Children ripped from the arms of their mothers at the Mexican border, immigrants in Virginia arrested as they leave church, and now no asylum for people fleeing gang violence or domestic abuse. As this merciless Justice Department regime earns the reproof of the United Nations and outrage around the world, the cry is heard, “This is not who we are.”
But it is.
In a nation created and established largely by immigrants, there is a long history of virulent opposition to giving refuge to the endangered—and of deporting anybody on capricious whim.
These crimes against humanity have two explicit and harrowing defining episodes in our history—each, as it happens, involves the passage of a ship.
Let’s start with the case of a decrepit ocean liner, the St. Louis, operated across the Atlantic in the 1930s by the Hamburg-Amerika line.
In November 1938, Nazi mobs were unleashed all over Germany to destroy every synagogue in the country, in the atrocity named Kristallnacht. Jews were forced to watch the synagogues burn, women and children were terrorized and an estimated 7,500 business premises were damaged or destroyed.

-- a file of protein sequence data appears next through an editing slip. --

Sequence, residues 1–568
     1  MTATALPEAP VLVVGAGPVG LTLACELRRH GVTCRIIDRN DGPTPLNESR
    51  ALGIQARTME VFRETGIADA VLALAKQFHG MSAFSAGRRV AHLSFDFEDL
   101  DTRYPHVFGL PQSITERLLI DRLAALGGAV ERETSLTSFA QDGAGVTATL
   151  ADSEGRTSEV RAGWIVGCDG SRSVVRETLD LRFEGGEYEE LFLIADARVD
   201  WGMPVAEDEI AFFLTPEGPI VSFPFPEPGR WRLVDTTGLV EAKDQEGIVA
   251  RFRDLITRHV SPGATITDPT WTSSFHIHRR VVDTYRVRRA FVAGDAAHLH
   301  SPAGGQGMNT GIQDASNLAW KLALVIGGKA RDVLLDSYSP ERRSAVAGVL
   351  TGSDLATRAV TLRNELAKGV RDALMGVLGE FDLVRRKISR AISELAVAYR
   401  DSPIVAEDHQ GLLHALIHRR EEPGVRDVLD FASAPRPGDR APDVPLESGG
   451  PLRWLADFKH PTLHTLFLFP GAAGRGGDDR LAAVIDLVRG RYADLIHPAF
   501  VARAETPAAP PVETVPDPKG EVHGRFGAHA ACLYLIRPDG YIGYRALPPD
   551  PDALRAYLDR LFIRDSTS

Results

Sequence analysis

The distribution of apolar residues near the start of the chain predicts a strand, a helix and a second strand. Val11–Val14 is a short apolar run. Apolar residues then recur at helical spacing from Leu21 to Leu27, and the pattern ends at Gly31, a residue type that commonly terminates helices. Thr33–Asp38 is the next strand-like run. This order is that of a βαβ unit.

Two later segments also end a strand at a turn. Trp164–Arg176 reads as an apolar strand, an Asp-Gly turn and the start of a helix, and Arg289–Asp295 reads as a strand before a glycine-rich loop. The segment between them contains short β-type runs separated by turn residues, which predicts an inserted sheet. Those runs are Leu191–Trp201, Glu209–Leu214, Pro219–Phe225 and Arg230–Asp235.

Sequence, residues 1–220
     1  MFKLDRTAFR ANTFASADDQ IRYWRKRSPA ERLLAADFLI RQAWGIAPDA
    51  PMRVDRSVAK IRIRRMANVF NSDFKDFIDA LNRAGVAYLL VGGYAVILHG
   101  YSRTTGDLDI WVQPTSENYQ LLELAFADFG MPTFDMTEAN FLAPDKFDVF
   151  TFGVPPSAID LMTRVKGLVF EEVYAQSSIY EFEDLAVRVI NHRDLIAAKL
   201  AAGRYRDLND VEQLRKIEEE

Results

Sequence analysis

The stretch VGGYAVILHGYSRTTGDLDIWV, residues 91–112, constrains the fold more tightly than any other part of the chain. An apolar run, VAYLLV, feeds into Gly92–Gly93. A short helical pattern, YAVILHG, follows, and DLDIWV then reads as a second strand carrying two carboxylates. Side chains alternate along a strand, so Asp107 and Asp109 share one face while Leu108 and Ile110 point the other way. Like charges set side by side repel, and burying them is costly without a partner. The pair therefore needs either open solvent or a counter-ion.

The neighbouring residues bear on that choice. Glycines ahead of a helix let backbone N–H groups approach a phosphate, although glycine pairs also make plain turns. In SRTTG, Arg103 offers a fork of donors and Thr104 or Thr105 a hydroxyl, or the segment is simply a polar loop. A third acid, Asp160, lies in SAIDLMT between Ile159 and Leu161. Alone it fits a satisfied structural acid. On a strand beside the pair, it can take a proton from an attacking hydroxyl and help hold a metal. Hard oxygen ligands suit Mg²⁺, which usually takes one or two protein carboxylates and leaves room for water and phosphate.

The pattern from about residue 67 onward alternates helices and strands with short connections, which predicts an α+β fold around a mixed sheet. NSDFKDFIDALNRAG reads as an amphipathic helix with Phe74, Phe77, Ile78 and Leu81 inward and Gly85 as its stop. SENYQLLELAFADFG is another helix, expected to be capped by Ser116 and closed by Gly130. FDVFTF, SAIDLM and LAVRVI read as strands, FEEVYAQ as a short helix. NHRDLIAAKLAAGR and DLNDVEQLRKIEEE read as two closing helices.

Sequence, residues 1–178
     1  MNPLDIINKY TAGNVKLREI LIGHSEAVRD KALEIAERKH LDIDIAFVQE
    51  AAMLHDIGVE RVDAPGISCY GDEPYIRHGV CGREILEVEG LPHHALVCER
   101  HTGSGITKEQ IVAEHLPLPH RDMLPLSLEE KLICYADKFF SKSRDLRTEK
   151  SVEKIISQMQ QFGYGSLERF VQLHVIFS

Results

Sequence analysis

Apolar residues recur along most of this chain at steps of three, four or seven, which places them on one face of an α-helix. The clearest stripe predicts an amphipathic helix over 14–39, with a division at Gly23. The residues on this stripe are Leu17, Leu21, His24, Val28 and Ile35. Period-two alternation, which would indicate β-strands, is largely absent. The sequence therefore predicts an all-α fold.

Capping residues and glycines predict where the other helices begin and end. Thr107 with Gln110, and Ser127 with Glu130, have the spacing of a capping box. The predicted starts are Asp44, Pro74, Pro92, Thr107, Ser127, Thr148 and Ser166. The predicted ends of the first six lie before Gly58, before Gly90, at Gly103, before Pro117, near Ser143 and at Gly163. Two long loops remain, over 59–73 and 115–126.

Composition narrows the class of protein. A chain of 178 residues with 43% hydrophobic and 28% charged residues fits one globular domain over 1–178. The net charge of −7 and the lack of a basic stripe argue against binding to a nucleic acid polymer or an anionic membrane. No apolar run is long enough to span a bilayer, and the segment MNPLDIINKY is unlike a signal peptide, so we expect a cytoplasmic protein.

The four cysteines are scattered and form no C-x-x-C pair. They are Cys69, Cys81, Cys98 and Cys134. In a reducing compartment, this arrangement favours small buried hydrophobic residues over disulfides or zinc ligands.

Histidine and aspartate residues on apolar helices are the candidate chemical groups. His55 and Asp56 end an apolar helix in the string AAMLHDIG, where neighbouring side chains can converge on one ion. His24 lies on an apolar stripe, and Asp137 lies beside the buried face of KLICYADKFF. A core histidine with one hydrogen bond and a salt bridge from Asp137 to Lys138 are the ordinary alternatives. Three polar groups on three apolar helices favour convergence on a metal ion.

For all German Jews this was the turning point in deciding their survival—as it was intended to be by Hitler. Anybody with the means to leave and a safe haven to go to had to get out.
Eventually they included 937 men, women and children who, on May 14, 1939, boarded the St. Louis at Hamburg, bound for Cuba. The price for the passage was relatively high by the values of the time, $150 for every person.
Cuba’s economy and power structure was basically controlled by foreign interests, dominated by America’s United Fruit Company, working through a political system based on a few Cuban families who enriched themselves while most of the rest of the country lived in grinding poverty. The director of the Cuban immigration service had been quietly building a personal fortune by selling landing permits for $150 a piece. Hundreds of refugees, including 2,500 Jews, had already been admitted.